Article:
The Wicked Generation: British Boomer Edition

A British millennial belatedly realizes that his parents’ spending on their travel addiction is rendering impossible his ability to buy a home and build a family:

As an impecunious 34-year-old millennial in an impossibly expensive property market, I am relying on, at some stage, a handout from them. But all I can see is my money receding into the distance on a long-haul trip to Bali.

With many of my friends in a similar position, and the cost of living crisis still at full throttle, the question troubling us over the generational divide is this. Who is being selfish? Us for wanting them to save their money so we can one day have it? Or them, for splurging it all so freely on themselves?

At the start of their travel spree, about five years ago, I loved the bravery and ambition of it. Growing up, we usually went to Devon or Cornwall once a year. But when there was just the two of them (my younger sister and I have long since flown the nest), they could afford to globe trot. For a bit.

Well, good for them, I thought. Let them, in their late 60s, have a couple of lovely holidays, before settling into a cosy retirement at home.

The problem was it didn’t stop at just one or two. It didn’t even stop at three or four…

How can I ever settle down and give them grandchildren if there isn’t any money in the pipeline to support them? Do they want to go on holiday more than they want me to be able to have and bring up children?

I’m not alone in agonising over where my parents’ hard-earned money is going. According to a survey by an online wealth management advice firm called Moneyfarm, two in five adult children feel their ‘blood boiling’ at the idea their parents are blowing their inheritance on luxury holidays.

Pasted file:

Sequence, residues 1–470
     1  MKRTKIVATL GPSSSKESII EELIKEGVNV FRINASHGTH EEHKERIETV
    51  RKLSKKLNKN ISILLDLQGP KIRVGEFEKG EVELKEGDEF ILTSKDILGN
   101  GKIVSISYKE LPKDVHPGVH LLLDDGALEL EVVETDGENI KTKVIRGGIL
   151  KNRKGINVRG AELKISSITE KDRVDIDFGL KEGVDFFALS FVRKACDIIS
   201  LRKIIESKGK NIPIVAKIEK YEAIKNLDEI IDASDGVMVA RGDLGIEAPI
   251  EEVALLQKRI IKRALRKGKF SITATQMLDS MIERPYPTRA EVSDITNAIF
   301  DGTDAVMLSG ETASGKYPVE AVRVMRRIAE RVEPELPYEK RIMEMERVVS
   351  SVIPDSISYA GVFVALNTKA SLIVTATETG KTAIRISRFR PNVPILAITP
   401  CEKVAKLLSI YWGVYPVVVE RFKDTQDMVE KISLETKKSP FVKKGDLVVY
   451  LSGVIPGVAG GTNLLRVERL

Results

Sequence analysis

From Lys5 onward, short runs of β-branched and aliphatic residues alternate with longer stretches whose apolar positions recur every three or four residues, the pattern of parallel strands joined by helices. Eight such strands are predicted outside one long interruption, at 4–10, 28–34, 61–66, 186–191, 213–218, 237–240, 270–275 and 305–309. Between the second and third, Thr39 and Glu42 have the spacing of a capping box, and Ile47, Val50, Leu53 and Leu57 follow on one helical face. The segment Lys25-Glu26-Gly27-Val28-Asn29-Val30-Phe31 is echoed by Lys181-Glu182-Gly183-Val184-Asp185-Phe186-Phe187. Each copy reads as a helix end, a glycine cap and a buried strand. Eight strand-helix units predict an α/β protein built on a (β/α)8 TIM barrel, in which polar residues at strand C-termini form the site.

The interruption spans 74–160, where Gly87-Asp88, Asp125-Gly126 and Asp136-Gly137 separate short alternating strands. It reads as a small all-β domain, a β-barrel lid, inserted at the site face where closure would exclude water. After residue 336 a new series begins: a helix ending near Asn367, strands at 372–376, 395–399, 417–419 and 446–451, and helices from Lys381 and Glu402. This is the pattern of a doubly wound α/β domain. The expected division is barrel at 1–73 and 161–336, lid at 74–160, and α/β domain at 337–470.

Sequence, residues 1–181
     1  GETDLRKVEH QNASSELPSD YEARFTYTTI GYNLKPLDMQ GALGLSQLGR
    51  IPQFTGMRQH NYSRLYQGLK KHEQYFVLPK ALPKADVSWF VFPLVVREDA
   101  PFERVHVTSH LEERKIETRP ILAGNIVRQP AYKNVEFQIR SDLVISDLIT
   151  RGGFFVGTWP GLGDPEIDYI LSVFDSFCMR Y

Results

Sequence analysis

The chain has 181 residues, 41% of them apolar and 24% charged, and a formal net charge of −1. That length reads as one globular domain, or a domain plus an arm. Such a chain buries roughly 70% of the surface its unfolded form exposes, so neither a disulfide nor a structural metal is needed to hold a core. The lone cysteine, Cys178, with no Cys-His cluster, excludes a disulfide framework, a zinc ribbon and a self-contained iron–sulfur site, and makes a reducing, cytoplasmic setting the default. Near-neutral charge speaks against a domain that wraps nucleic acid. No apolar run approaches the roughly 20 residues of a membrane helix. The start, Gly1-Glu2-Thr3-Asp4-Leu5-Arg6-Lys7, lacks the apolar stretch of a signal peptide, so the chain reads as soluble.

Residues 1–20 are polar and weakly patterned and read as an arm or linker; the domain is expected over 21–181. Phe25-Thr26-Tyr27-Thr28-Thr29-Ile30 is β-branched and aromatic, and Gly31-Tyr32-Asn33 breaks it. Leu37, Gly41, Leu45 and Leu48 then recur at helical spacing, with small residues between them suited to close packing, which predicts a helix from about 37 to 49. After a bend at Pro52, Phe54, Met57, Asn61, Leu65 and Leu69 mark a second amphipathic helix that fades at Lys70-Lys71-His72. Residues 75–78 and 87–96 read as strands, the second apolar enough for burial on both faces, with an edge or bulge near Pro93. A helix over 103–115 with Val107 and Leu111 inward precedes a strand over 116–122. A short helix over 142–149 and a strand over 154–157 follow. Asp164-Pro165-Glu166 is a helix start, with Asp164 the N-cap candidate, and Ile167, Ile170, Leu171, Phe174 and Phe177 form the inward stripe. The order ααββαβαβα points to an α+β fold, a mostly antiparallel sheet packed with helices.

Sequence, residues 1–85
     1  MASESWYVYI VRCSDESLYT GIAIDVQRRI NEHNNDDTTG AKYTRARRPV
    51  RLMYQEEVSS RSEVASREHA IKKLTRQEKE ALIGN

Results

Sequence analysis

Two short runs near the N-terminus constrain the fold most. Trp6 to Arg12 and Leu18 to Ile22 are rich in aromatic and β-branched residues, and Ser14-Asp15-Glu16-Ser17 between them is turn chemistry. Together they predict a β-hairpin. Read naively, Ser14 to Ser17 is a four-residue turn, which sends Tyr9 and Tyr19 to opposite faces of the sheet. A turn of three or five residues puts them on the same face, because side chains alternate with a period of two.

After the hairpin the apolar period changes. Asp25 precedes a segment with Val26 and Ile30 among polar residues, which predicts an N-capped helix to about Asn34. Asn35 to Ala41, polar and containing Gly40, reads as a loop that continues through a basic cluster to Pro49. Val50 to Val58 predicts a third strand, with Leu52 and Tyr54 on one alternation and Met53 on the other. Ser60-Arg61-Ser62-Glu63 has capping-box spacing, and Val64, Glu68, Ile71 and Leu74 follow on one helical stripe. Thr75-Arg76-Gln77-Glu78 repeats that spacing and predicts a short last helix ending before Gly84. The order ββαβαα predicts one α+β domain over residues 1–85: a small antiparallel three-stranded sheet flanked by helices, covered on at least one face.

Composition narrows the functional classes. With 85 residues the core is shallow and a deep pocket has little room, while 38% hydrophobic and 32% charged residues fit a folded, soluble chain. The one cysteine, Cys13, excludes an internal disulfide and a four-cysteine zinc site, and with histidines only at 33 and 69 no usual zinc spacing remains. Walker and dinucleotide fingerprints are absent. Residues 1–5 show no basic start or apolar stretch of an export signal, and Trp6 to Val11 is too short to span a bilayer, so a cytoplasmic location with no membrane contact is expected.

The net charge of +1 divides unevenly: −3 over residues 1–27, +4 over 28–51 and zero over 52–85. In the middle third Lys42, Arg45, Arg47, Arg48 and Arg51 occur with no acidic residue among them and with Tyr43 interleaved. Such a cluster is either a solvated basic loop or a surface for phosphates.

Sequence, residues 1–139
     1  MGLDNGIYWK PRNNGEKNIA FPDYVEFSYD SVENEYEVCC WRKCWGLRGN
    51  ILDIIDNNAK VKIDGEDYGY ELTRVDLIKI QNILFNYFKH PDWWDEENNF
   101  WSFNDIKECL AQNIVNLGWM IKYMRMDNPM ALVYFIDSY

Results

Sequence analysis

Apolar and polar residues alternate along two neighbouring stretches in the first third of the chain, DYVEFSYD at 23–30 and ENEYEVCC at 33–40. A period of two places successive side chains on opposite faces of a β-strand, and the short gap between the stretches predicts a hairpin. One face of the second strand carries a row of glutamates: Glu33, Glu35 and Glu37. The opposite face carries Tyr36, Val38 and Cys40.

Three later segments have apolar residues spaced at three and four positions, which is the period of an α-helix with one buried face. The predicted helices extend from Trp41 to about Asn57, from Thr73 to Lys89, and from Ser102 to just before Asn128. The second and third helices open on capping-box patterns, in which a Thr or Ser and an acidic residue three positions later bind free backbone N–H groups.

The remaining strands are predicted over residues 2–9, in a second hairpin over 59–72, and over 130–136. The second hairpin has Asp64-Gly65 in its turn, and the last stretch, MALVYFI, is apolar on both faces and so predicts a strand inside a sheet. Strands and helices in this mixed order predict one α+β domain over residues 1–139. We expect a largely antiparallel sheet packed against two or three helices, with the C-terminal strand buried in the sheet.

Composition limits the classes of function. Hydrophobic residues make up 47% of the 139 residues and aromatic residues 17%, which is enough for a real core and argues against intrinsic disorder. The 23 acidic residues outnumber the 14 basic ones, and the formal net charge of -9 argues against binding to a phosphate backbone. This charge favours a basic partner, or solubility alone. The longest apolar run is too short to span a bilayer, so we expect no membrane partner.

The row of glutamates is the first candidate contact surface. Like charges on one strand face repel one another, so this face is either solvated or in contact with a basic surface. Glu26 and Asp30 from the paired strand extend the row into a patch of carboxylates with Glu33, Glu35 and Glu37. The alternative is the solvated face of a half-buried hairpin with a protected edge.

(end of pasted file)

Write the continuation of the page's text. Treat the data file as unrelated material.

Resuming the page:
Among adult children aged between 35 and 50, 40 per cent thought their parents should provide them with an inheritance (compared with 25 per cent aged over 65) — and 20 per cent had already argued with them about what was going to be left.

Another friend admits she puts phone notifications from her mum on silent when her parents go ‘gallivanting abroad’ — because all the pictures of dreamy destinations make her jealous. And resentful.

‘My inheritance is currently being drunk through a straw in a coconut in the Caribbean,’ she says. ‘It’s going to be slim pickings at this rate.’

These Millennials are not being selfish or ungrateful. And their expectations were not unreasonable. What these parents are doing is flat-out wrong. It is unquestionably evil.

There will be no short of foolish and philosophically-bent individuals who will defend these wicked Boomers as simply “living their best life” or “spending their own money”. But those are both obvious lies. Even setting aside the very different economic climates facing the generations concerned, the Boomers inherited more financial resources from their parents and grandparents than any generation in human history. And, on average, what they are leaving behind them is considerably less than they themselves received.

Nota Bene: 10 percent of the total UK tax receipts are spent funding Boomer state pensions.

And as far as the “it’s their money, not yours”, the Bible is very, very clear on what a good man is supposed to do with regards to providing for his children. The Contemporary English Version even spells it out slowly in simple language for the benefit of even the most retarded reader.

If you obey God, you will have something to leave your grandchildren. If you don’t obey God, those who live right will get what you leave.

We’re spending your inheritance! Tee-hee!

UPDATE: We have definite confirmation that it’s almost entirely Boomers reading The Daily Mail these days. This is the second-worst rated comment, with a highly negative ratio of 38 upvotes and 620 downvotes.

If I was this young man’s parent I would make sure he and sister were on the property ladder and can rent rooms out before going off on Jollies. I sincerely hope the house is left to the two children.